The relation between overland-flow erosion and gradient on debris-covered semiarid hillslopes in Walnut Gulch Experimental Watershed, Arizona, is investigated by conducting three sets of field experiments under simulated rainfall on two different substrates. Each set of experiments yields a convex-upward sediment yield-gradient relation with a vertex at about 12°. The key to understanding this relation is the relation between runoff and gradient. On slopes less than 12° runoff appears to increase very slowly with gradient, and so sediment yield increases with gradient mainly in response to the increase in the downslope component of gravity. On slopes steeper than 12°, runoff decreases rapidly as gradient increases. This decrease in runoff outweighs the increase in the down-slope component of gravity as gradient increases and causes sediment yield to decrease.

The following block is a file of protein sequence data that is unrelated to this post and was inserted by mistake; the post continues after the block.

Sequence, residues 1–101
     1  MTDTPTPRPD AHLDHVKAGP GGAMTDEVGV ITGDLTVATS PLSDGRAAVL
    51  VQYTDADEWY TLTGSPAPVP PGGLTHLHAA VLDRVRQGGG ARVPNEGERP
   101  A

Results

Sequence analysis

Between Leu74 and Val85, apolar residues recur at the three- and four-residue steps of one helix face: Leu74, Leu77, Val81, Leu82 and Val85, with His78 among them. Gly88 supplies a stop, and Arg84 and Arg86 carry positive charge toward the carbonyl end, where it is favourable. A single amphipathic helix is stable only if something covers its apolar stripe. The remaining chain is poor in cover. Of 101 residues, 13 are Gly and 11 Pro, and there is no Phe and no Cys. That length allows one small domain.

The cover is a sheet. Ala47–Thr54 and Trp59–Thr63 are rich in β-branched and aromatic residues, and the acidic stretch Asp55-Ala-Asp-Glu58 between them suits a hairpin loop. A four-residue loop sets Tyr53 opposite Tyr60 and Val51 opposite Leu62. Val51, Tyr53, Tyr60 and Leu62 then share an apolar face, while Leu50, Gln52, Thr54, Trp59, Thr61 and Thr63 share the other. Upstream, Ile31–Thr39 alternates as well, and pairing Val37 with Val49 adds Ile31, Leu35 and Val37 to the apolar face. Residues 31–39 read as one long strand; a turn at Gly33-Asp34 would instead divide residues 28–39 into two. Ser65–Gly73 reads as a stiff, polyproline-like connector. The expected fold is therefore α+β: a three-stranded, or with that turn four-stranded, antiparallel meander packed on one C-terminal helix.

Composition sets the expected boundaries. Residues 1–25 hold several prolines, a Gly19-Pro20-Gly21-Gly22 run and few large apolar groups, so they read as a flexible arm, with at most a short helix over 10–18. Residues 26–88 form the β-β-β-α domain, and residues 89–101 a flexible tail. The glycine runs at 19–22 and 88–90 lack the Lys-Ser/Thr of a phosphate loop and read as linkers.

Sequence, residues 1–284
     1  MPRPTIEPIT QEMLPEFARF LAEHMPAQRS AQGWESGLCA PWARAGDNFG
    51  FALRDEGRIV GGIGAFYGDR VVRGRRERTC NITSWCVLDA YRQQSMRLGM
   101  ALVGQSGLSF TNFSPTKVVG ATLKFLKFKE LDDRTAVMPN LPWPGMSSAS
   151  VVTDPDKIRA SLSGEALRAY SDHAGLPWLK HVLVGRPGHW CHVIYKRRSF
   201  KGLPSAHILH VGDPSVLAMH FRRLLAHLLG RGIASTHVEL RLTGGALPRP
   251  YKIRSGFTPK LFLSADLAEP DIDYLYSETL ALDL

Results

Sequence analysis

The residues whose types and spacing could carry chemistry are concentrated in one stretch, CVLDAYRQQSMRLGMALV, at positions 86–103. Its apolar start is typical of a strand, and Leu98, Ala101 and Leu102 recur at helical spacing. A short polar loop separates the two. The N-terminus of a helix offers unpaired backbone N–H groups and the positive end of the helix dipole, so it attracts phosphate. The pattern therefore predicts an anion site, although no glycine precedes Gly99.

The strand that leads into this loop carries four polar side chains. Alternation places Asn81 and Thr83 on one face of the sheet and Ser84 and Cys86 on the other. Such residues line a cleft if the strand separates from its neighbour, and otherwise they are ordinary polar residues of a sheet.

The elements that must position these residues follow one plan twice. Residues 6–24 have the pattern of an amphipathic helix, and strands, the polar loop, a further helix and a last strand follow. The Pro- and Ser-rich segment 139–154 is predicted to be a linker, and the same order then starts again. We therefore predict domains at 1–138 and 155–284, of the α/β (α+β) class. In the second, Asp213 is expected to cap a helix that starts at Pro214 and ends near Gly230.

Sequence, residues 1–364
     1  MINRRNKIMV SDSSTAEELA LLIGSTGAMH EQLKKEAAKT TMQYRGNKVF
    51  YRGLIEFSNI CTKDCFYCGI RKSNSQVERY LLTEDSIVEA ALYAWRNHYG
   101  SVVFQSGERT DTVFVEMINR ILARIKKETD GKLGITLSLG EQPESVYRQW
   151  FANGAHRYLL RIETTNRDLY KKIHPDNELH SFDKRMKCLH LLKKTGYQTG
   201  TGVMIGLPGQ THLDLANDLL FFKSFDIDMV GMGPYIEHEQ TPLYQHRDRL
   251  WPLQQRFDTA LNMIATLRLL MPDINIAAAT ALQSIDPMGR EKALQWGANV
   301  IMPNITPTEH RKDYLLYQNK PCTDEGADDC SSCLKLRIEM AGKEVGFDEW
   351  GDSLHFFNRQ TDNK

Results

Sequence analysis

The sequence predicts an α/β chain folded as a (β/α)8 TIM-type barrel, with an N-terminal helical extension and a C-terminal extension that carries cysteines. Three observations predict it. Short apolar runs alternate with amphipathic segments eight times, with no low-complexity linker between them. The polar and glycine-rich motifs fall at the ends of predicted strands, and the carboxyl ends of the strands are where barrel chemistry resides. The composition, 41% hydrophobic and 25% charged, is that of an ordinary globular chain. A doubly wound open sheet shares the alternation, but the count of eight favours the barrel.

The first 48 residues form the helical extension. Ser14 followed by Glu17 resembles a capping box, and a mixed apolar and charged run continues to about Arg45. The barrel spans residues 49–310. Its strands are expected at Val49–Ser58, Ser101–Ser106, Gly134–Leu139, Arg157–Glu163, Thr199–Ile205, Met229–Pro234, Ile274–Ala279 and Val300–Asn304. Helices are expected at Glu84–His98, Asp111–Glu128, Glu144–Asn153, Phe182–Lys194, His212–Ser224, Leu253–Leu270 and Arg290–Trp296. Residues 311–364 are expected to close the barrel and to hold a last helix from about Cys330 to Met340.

In all three sets of experiments, runoff is controlled by either stone cover or stone size, and stone size increases with gradient. Inasmuch as stone cover and stone size are indicators of mantle stoniness, these findings suggest that curvilinear relations between runoff and gradient and, hence, convex-upward relations between sediment yield and gradient occur only on hillslopes with coarse weathering mantles in which stoniness increases with gradient. Different combinations of substrate and climate may produce such hillslopes. They are especially likely to develop in arid and semiarid climates, but they may also form in alpine, periglacial, and humid ones where substrates are favorable. Hillslopes on which mass movement processes are the dominant denudational agents will not have convex-upward relations.

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